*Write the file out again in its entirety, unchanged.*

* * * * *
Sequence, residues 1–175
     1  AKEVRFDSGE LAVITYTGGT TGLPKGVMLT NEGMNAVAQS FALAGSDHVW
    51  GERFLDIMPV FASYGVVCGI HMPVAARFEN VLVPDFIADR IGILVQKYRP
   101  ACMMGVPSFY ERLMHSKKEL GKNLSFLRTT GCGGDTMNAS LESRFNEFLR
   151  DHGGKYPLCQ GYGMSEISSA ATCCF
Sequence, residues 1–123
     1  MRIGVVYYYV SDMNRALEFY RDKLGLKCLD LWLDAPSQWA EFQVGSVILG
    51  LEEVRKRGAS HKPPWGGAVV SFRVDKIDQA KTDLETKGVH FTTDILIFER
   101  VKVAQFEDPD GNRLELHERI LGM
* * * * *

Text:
Sequence, residues 1–175
     1  AKEVRFDSGE LAVITYTGGT TGLPKGVMLT NEGMNAVAQS FALAGSDHVW
    51  GERFLDIMPV FASYGVVCGI HMPVAARFEN VLVPDFIADR IGILVQKYRP
   101  ACMMGVPSFY ERLMHSKKEL GKNLSFLRTT GCGGDTMNAS LESRFNEFLR
   151  DHGGKYPLCQ GYGMSEISSA ATCCF
Sequence, residues 1–123
     1  MRIGVVYYYV SDMNRALEFY RDKLGLKCLD LWLDAPSQWA EFQVGSVILG
    51  LEEVRKRGAS HKPPWGGAVV SFRVDKIDQA KTDLETKGVH FTTDILIFER
   101  VKVAQFEDPD GNRLELHERI LGM